Modern Romance: Who Should Pay on a Date?
It's the proverbial question and it's making its rounds through videos and posts on Facebook. Who should pay on a date? If it's a first date, the rule of thumb is that whoever asked for the date should pay. When the bill arrives, the other person will at least make a gesture of offering to help with the check—a offer that should be graciously declined. Easy enough. But try a different situation. What if it's not the first date? What if you're a couple of months or maybe even years into dating? Who should pay then?
Great question. If you're looking for insight from someone with a lot of experience in that arena, look no further. Been there, done that. I don't believe in click bait headlines, so I'll give you an actual answer. But, here's the kicker. I'll also tell you why you might be asking the wrong question. Intrigued? Read on .
First of all, let me go on the record saying that every couple is different. Some will prefer to have one person pay every single time. Another couple will want to split every check right on the spot or pay each other back afterward. Still others would rather take turns paying. If you and bae have talked it through and have discovered a system that works for both of you, that's great. Congratulations. Stick to it.
If you find yourself in a more ambiguous situation—going on dates with someone fairly regularly and anxiously wondering each time who should reach for the check—I'd suggest talking it out. If you plan on exploring or continuing a relationship with this person, you're eventually going to need to learn how to talk through awkward situations like this. Consider it practice for tougher conversations in the future. And don't worry too much about broaching the subject. Chances are, you're both probably wondering the same thing. Find an arrangement you're both comfortable with.
That's it. That's the answer. Not anything earth-shattering, but it's the grown-up way to be in a relationship. #Adulting.
The Better Question
Now that I've just told you how you can figure out who should pay on a date, I'll share with you the question you could be asking instead: Why are we having such a hard time figuring out who should pay?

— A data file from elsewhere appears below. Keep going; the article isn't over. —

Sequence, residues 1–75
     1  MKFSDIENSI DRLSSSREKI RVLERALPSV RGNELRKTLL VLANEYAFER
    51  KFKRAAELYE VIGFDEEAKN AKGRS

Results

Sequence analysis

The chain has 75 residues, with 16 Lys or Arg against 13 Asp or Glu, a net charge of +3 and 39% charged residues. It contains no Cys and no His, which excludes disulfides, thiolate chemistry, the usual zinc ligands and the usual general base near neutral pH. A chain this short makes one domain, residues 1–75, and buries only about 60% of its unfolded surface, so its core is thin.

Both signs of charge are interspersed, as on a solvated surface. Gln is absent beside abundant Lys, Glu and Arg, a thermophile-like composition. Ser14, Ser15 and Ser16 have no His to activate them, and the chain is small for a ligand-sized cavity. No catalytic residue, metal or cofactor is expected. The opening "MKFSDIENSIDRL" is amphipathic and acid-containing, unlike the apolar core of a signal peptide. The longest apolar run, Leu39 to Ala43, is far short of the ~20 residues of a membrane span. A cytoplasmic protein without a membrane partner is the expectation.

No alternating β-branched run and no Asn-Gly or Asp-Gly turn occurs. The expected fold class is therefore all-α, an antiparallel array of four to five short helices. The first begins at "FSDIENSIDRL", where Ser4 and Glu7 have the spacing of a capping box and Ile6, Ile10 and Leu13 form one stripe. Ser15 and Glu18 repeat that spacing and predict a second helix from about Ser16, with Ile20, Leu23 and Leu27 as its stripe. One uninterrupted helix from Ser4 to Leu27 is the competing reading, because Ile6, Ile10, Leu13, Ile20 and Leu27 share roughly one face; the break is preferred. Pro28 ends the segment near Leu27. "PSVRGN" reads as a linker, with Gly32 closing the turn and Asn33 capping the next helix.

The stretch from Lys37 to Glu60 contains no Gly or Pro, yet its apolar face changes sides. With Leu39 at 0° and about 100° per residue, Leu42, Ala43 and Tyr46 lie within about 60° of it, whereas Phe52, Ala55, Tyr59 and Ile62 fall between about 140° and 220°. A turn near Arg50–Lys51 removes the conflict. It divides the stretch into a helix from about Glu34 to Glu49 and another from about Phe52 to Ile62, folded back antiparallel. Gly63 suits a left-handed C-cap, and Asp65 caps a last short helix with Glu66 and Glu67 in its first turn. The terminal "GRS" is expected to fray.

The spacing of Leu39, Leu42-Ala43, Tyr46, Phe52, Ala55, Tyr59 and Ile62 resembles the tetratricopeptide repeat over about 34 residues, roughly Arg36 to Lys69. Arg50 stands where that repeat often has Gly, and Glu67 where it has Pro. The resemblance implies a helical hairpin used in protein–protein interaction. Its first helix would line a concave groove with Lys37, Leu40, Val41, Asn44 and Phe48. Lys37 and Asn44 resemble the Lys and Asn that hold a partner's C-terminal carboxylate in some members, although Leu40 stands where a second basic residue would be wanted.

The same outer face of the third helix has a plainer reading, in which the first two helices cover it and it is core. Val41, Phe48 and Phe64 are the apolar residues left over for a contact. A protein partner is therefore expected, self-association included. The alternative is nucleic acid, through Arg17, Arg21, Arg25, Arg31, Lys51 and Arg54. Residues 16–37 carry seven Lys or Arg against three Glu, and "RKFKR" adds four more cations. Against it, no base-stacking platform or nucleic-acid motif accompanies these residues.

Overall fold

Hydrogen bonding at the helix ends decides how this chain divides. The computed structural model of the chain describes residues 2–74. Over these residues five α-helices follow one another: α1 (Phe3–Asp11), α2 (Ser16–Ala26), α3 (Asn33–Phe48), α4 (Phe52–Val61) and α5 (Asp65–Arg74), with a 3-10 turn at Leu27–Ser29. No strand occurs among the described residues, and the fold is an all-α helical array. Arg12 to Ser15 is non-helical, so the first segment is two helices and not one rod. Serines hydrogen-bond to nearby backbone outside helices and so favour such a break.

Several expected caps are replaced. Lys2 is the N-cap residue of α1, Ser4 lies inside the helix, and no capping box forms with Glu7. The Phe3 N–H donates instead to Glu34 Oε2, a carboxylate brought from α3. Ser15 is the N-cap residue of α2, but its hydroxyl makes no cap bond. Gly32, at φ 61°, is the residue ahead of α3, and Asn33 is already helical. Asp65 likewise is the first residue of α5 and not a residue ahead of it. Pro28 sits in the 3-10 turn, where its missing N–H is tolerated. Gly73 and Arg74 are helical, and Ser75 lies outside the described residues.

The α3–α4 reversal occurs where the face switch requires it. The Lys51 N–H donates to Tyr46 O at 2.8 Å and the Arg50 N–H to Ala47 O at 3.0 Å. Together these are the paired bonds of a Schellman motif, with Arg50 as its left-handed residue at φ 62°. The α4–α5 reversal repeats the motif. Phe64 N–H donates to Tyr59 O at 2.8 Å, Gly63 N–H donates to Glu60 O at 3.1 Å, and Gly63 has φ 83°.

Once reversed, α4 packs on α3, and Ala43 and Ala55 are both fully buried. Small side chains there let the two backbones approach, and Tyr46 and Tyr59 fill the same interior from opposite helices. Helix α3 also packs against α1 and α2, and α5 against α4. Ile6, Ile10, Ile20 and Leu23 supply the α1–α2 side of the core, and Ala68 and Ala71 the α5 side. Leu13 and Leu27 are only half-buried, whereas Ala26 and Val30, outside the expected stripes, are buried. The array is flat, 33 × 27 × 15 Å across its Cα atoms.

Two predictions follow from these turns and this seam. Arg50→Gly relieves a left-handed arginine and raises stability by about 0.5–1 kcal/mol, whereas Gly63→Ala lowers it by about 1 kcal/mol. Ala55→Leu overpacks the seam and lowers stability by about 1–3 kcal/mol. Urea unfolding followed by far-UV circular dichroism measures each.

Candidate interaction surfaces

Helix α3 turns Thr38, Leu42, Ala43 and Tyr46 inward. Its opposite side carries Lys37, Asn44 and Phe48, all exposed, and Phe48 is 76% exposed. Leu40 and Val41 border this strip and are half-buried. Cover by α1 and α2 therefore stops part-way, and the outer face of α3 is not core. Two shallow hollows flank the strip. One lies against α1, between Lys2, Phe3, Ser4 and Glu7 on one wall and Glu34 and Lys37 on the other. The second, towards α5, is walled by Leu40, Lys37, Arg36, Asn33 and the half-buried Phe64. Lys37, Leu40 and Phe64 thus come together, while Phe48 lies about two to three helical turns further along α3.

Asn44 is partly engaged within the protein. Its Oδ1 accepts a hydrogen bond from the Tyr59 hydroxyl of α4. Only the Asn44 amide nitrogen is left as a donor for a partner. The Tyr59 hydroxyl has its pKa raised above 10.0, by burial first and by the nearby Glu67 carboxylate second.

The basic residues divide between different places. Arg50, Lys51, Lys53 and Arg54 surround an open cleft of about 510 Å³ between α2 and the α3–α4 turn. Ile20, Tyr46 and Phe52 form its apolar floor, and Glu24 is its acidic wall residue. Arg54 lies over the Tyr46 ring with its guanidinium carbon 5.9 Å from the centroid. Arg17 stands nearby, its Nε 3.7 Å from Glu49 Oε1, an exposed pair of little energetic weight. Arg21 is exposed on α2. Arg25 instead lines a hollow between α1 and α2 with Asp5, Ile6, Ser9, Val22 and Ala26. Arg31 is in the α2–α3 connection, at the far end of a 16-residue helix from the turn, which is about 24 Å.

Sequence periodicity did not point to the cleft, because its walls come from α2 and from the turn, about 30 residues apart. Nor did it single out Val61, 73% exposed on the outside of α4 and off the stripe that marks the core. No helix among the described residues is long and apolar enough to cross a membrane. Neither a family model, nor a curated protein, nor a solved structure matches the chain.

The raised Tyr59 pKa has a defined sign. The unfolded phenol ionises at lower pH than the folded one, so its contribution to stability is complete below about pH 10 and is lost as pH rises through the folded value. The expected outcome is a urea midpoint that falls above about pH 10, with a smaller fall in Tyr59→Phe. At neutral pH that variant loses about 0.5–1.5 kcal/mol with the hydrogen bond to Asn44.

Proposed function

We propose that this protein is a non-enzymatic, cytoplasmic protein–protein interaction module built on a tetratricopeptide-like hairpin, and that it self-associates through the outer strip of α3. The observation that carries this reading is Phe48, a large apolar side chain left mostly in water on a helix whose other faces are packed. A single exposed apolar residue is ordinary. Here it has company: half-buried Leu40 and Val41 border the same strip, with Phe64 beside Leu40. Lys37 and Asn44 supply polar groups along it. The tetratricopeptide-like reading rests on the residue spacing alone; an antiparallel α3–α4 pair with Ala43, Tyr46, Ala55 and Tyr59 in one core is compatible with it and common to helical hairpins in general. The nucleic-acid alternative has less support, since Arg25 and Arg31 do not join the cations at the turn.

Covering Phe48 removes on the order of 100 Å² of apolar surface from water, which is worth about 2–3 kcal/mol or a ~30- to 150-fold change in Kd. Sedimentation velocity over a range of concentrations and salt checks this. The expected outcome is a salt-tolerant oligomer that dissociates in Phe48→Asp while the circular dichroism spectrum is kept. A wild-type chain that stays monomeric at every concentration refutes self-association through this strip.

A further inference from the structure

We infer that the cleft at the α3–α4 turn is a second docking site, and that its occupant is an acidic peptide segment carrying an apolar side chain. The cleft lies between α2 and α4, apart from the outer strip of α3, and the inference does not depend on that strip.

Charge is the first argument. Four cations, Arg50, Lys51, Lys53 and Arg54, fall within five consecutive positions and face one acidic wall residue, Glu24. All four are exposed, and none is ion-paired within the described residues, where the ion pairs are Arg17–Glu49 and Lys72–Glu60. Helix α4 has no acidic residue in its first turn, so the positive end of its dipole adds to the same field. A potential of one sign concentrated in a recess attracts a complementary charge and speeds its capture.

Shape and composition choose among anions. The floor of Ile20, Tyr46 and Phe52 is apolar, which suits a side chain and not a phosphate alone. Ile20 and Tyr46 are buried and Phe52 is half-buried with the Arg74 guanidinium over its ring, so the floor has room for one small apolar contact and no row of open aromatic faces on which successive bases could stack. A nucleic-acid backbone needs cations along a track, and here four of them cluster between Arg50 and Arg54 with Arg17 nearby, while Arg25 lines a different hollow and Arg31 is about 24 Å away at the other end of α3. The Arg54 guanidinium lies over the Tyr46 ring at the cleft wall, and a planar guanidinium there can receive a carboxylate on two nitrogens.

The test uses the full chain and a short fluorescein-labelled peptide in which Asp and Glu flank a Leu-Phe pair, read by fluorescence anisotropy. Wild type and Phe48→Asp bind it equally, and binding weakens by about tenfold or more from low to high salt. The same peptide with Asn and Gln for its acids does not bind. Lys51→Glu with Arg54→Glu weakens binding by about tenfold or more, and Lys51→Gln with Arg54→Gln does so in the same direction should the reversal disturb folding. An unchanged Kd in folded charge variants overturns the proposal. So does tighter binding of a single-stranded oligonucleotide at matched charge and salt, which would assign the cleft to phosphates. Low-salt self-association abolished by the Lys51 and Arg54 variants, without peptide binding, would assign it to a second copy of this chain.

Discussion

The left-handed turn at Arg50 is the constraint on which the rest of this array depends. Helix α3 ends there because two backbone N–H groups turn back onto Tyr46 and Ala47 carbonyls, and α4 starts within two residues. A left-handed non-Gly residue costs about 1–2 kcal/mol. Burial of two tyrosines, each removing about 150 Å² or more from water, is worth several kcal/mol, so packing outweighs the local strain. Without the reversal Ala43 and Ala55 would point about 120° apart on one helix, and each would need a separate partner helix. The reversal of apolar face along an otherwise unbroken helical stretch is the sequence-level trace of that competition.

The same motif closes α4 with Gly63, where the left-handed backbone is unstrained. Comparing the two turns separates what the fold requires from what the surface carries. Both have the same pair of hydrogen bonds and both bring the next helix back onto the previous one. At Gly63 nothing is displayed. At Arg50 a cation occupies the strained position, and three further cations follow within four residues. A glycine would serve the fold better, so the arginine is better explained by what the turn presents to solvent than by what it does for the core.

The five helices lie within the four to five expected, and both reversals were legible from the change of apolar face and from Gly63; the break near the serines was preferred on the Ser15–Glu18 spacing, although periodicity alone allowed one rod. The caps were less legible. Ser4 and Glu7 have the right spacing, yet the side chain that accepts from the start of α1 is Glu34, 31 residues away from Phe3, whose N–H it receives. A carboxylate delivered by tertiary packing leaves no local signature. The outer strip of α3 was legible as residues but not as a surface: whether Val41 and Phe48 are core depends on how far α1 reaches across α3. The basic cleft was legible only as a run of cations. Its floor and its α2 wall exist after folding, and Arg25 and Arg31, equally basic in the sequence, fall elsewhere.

Ready for the crazy-but-true answer? It's because you stopped asking each other out! I said in the beginning that there's an almost universally accepted understanding during a first date that whoever asked the other person out should pay. But why do the waters get murkier after the first date, when you're on your sixth, seventh or even 150th date? Probably because your dates have turned into hangouts. When you've been dating someone for a bit, the language tends to shift from, "Hey, can I take you out to dinner this Friday?" to "So, what are we doing this weekend?" Nothing wrong with slipping into familiarity. That's a bona fide relationship goal. There's only a problem when familiarity crowds out the word that sends some hearts aflutter and maybe some eyes rolling: romance.
Hear me out. I'm talking about a modern romance: two people mutually pursuing each other's affections. Note the emphasis on mutual. Modern courtship only works when two people make a mutual effort to make the other person feel special. It's simple, but powerful.
So, how does this relate to our original question? Well, if people started looking at their dating relationships as a romance or a give-give, instead of give-take, the whole question of who should pick up the check at the end of the night is a moot point.
That's my take on it. I'm lucky enough to have married a guy who shares the same values. When Grant and I first started dating, he picked up a lot of our dinner checks. He's a gentleman and I like being treated like a lady. He enjoyed asking me out on dates and surprising me with new restaurants or coffee shops. I loved it. He loved it. I also enjoyed taking him out to a lot of my favorite pubs and eateries. Or taking him out to my favorite hiking trails. Again, I loved it. He loved it. It wasn't about the money. It was about finding fun and creative ways to spend time together.
By the way, I'm not saying you need to make every single outing into a romantic over-the-top date. There will be days when you just want to grab a quick burger at In-n-Out after work because no one feels like cooking. You didn't ask each other out. That's ok. Treat the other person anyway. They'll appreciate it and I'm sure they'll get you next time.
Also, the experience of treating someone feels a whole lot sweeter when you are doing it because you actually want to, not because it's expected of you. This idea of who "should" pay for the date and keeping score of who "should" do this and that run contrary to the nature of romance, which is freedom in giving generously and spontaneously. Nothing kills romance faster than feeling like you have to go through the motions of a relationship just because the other person expects that of you. And if you don't feel excited about making an effort for your significant other, maybe it's time to wonder why or whether you're even with the right person.
Even now that Grant and I are married, we like to ask each other out. Sure, all of our money is coming from the same pot anyway, but it's not about who spends what. It's about making that special person in your life feel like a VIP.
Agree? Disagree? Tell us what you think.